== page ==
Why Brexit could be a boon for Indian students looking to study abroad

Equal opportunity.
Equal opportunity.
Image: Reuters/Toby Melville
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As Britain begins separating from the European Union (EU) on March 29 this year, Indian students have reasons to rejoice.

The UK’s leading universities are likely to try to recruit many more overseas students, particularly from China and India, to offset a series of financial challenges arising from Brexit, Sir Anton Muscatelli, vice-chancellor of Glasgow University and chairman of the Russell Group, told daily newspaper the Times (paywall). The Russell Group represents 24 public research universities in the UK, including King’s College, Imperial College, and the London School of Economics, among others.

“Many universities will try to do this because it will be the only way to respond to a sudden fall in income,” Muscatelli said.

Glasgow University will likely increase its composition of overseas students to make up half of the total, reported the Times, while University College London (UCL) will also up its foreign students to 50% and cut down on enrollments from home. International students already pay upwards of £12,000 annually, and a government review could slice tuition fees for local students down to £6,500 (Rs5.8 lakh) from £9,250, making international students more lucrative than before.

For years, Indians were the second-largest international student population in Britain, after China, but their numbers have dwindled in recent years, declining 26% between 2013 and 2017 largely because the post-study visa was abolished. Still, India sends the fourth-highest number of students to the UK.

The brewing crisis

In the wake of Brexit, EU students will no longer be given preferential treatment.

“…we bring free movement to an end, different rules to the current ones must apply to migration here by EU citizens,” home secretary Sajid Javid said in a white paper published on Dec. 19. Instead, the UK will move towards a “skills-based” immigration system.

With the new rules slated to come into force by 2021, British universities are worried about the fate of their 50,000 EU staff and 130,000 EU students. “University leaders are united in the view that the UK leaving the EU without a deal is one of the biggest threats our universities have ever faced,” a collective of over 150 higher-education providers warned in a Jan. 04 open letter to politicians. The collective included Universities UK, the Russell Group, Guild HE, Million Plus, and University Alliance.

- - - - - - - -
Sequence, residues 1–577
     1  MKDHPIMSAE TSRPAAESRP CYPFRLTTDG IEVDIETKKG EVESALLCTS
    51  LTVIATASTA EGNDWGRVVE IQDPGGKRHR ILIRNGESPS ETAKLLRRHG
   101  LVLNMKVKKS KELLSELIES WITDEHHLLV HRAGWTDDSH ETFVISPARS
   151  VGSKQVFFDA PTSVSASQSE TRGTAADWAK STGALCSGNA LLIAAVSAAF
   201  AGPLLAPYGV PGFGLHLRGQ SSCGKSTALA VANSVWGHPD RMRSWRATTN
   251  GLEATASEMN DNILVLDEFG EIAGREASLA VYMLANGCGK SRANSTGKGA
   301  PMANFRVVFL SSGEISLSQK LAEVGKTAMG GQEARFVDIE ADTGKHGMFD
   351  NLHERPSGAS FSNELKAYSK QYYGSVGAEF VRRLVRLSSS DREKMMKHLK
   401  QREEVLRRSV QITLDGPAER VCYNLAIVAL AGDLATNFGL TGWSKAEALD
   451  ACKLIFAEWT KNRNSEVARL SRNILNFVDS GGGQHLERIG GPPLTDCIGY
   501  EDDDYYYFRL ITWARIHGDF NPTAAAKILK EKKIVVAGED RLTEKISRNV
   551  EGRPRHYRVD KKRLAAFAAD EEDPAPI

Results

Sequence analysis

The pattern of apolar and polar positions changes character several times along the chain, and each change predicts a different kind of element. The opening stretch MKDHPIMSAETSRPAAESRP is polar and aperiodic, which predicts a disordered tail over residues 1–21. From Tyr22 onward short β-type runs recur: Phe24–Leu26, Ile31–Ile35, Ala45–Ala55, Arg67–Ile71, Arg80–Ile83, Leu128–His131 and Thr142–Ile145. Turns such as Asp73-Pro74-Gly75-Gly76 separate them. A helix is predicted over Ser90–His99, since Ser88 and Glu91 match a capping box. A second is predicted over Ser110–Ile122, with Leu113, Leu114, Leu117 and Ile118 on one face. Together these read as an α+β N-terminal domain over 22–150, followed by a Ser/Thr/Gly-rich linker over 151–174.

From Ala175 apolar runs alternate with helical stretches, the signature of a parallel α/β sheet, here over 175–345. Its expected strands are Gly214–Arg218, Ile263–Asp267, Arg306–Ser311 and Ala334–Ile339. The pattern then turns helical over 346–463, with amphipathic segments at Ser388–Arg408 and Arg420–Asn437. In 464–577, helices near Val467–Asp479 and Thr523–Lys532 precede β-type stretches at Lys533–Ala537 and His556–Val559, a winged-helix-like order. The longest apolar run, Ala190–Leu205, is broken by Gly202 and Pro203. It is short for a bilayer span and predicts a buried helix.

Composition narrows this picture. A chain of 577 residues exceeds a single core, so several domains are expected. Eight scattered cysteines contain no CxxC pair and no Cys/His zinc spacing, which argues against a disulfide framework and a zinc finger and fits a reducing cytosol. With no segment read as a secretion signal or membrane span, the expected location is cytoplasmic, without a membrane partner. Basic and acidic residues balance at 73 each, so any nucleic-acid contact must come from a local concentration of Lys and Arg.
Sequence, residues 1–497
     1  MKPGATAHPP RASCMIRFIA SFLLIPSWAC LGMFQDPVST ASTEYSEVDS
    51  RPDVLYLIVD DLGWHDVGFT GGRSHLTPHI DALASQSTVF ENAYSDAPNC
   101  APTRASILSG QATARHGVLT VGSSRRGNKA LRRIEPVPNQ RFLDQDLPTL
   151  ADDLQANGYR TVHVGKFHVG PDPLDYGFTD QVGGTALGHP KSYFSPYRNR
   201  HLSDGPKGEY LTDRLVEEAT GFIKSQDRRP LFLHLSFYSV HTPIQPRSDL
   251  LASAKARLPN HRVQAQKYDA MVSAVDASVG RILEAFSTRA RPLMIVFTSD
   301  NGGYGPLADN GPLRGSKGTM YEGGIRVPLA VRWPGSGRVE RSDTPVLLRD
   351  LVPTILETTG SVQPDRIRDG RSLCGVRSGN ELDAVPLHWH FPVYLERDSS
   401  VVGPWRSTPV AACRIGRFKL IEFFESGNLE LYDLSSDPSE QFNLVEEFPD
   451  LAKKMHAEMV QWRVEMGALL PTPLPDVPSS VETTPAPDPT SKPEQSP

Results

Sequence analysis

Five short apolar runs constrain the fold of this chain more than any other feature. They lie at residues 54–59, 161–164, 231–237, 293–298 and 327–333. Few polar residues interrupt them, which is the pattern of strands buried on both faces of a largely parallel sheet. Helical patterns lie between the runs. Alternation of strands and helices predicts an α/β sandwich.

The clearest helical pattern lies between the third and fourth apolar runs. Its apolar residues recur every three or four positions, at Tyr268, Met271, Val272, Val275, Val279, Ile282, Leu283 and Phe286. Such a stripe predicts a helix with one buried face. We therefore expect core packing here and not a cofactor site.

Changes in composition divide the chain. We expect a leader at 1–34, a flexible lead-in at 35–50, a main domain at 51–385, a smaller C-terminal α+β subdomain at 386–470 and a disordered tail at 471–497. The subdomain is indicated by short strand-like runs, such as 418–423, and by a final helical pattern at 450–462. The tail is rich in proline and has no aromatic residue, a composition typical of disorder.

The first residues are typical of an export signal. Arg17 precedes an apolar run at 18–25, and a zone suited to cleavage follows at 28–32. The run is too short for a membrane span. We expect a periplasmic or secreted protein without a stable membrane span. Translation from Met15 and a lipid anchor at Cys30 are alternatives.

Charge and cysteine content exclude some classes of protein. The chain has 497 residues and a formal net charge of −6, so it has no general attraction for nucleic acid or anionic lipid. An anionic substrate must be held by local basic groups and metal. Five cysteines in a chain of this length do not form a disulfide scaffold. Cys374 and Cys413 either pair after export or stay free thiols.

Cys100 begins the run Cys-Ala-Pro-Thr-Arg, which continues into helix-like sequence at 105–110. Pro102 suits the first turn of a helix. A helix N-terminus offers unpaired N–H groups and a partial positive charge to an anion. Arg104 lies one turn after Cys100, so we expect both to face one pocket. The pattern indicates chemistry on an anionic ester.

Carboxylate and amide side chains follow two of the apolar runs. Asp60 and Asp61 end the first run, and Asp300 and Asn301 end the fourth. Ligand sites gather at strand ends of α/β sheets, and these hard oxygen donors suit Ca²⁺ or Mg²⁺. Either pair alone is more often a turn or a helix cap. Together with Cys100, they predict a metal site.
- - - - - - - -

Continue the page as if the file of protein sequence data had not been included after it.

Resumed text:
They wrote:

Vital research links will be compromised, from new cancer treatments to technologies combatting climate change. The valuable exchange of students, staff and knowledge would be seriously damaged. And we share the concerns of business about the impact of no deal on everything from supply chains to security and travel. It is no exaggeration to suggest that this would be an academic, cultural and scientific setback from which it would take decades to recover.

Already the adverse impact of the uncertainty caused by Brexit is showing in enrollments, according to data from Russell Group universities. Postgraduate enrollments dropped 9% for the ongoing academic year.

The silver lining

For non-EU foreign students, this is good news for two reasons.

One, they can now apply to colleges on a level playing field with their EU counterparts and stand an equal chance of securing a spot. Secondly, to make up for the slowdown in enrollments from EU member states, students from India and China are being welcomed with open arms.

Beyond colleges, even the job market will become easier to crack.

International students at British universities will be given six months’ post-study leave, “giving them more time to find permanent skilled work and to work temporarily during that period,” Javid wrote. “Those who have completed a PhD will have a year.” Of course, the minimum salary threshold remains at £30,000, and businesses still have to shell out thousands of pounds to sponsor workers, but at least citizens from EU nations won’t be favoured over other foreigners.

Indians already comprised 55% of all tier 2 skilled worker visa recipients in the year ending September 2018. The number of work visas available for skilled immigrants has been limited to 20,700 thus far, but under the new rules, the cap will be removed, Javid wrote in the white paper. This is great news for Indian doctors and IT professionals from the country, who have always faced a shortage of visas.